When Miss Piggy was almost 4, I had made an appointment at my OB/GYN to have an IUD put in. I was 35 and the appointment was shortly after my birthday. I didn’t want to deal with the possible complications of being older and pregnant and had used my birthday as a sort of deadline for getting pregnant. Then, suddenly, I just had a feeling and went to Walgreens to get a pregnancy test. It was positive. I couldn’t believe it. I’m not sure if J was excited or wondering why we were going to do this again. My IUD appointment was switched to a pregnancy appointment.
After Miss Lulu arrived, every night, I looked at her little face. I took a break from work and forwarded all my clients to a friend. I was lucky that my three older kids were now all either in school or preschool and I had time to take naps with my youngest. I did all the things I didn’t have time for with the first three. With the Monkey, I worked full-time and when he was only 10 months old, I was already exhausted and pregnant with the Puppy. Miss Piggy came quickly after the Puppy and it was all I could do to keep up. To keep them alive and fed! I took Miss Lulu everywhere with me. The three older kids were old enough to help; the oldest was now seven. I knew every day that it might be the last…the last nap, the last time I’d wear a baby in a sling, the last time my baby would wear that outfit or those tiny shoes. I cherish every second. Messes on the table, playdoh on the floor, cheerios scattered all over the couch. I knew it would all end. Sooner than I could image. That any day might be the last day she would take a bottle or want to play with a baby toy. I looked at her tiny hands and feet every day knowing that they would be wearing size 2s in a few short years.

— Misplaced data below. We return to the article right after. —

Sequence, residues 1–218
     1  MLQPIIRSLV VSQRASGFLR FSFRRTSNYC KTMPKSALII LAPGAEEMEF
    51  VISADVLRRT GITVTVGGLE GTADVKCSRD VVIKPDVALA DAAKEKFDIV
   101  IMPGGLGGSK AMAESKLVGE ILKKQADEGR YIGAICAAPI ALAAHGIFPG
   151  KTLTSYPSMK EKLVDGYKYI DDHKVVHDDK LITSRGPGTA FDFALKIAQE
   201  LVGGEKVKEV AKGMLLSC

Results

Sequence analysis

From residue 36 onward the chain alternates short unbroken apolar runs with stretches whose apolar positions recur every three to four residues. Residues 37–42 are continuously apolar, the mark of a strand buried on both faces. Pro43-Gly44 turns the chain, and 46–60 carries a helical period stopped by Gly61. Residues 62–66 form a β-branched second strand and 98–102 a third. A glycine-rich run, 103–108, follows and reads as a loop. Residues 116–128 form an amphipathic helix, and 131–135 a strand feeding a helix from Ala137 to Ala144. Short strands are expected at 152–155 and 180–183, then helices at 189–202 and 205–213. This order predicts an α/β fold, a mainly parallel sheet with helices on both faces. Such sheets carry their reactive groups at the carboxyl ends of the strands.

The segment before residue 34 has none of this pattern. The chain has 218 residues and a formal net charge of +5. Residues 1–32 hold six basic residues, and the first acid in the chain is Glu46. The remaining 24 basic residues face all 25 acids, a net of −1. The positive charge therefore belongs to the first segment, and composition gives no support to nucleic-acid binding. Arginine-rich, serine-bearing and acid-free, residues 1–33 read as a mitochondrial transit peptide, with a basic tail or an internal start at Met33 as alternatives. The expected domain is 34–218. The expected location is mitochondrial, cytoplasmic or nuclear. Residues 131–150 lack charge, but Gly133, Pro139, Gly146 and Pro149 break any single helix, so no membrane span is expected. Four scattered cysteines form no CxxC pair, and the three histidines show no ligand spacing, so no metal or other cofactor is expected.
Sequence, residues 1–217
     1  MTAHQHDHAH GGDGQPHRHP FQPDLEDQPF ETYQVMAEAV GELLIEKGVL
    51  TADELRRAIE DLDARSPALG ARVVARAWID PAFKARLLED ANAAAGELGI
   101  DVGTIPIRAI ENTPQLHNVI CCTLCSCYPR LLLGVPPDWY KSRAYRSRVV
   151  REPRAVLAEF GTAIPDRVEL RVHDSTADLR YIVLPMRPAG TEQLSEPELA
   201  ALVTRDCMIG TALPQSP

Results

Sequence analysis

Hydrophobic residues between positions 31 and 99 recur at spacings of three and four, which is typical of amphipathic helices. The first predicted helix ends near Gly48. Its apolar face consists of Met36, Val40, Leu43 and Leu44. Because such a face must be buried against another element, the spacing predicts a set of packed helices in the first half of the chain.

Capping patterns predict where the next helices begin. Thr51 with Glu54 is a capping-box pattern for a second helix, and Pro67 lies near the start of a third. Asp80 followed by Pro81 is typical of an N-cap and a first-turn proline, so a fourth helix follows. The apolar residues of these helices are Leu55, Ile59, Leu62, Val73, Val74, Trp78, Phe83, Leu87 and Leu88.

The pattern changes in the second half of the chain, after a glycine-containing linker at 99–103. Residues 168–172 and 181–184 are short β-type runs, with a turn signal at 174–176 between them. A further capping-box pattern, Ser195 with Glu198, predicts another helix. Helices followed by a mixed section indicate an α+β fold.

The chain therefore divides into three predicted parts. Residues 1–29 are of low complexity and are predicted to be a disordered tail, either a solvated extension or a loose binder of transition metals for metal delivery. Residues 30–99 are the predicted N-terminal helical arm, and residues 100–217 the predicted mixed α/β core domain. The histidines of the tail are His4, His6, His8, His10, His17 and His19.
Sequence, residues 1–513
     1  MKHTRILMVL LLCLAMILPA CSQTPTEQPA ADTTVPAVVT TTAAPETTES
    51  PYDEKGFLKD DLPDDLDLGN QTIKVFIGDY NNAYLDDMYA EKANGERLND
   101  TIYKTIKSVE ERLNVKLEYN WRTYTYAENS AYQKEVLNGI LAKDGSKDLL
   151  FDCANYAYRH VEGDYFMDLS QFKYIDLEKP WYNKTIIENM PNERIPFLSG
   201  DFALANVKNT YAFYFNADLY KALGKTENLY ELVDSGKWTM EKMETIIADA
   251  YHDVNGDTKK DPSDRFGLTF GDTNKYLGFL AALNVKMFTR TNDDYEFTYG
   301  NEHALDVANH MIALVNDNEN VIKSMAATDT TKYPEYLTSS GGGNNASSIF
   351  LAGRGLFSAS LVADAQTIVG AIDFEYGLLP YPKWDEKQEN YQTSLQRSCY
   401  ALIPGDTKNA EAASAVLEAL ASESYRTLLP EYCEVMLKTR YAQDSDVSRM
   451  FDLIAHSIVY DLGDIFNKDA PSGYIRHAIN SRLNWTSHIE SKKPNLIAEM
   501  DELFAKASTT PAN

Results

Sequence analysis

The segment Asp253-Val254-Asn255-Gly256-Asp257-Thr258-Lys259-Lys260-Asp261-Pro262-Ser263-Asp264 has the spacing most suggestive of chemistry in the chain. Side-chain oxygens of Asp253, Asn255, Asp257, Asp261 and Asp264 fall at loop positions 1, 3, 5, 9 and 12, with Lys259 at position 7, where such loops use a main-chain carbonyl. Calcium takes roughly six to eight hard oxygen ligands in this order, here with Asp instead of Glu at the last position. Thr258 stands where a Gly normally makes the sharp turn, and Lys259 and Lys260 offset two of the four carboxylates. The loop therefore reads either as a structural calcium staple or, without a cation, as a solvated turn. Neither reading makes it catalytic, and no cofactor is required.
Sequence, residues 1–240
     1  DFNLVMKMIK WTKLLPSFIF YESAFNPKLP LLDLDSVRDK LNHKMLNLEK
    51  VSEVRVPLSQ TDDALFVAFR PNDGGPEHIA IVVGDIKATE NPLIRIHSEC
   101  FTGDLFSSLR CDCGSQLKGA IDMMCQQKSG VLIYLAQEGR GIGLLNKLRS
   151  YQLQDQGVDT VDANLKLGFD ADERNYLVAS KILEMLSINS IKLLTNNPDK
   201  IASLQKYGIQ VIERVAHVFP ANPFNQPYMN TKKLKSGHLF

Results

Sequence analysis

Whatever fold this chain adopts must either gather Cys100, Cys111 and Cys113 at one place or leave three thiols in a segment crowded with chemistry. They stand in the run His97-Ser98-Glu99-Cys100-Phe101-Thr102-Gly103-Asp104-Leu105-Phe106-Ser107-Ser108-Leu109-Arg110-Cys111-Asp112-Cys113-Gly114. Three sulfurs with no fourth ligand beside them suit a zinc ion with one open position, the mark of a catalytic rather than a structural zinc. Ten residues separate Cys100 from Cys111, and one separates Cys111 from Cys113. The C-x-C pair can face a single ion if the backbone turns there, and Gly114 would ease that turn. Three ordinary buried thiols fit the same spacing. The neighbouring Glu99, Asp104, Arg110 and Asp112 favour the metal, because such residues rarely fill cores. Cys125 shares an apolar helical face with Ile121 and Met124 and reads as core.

I knew then, that all those things those mothers told me were true, that what they were really trying to tell me was that the seasons will change. That this crazy, hectic, sleep-deprived time in my life would change into something else. And then, that would change into something else. And it all really went by so very quickly, that even though, I was stressed out and it certainly didn’t feel like it in that moment, in a couple of short years, it would all be gone. Maybe it’s something you can only come to understand while you are still in the trenches when you’ve had 3 or 4 or more kids. Because you can see the older ones moving on, while you still struggle with the day-to-day exhaustion of caring for a baby. You begin to see the patterns in your life and your children’s life as they move on quickly from one age to the other. You learn that that the other mothers aren’t trying to silence you or stop your rant. They concur with your trials. They are not sitting from a smug place of plenty of rest to remind you to be grateful. They are just trying to let you know that it will all be over before you know it, and there won’t be second chances to hold those little hands, kiss those baby feet, and smell that soft milky smell.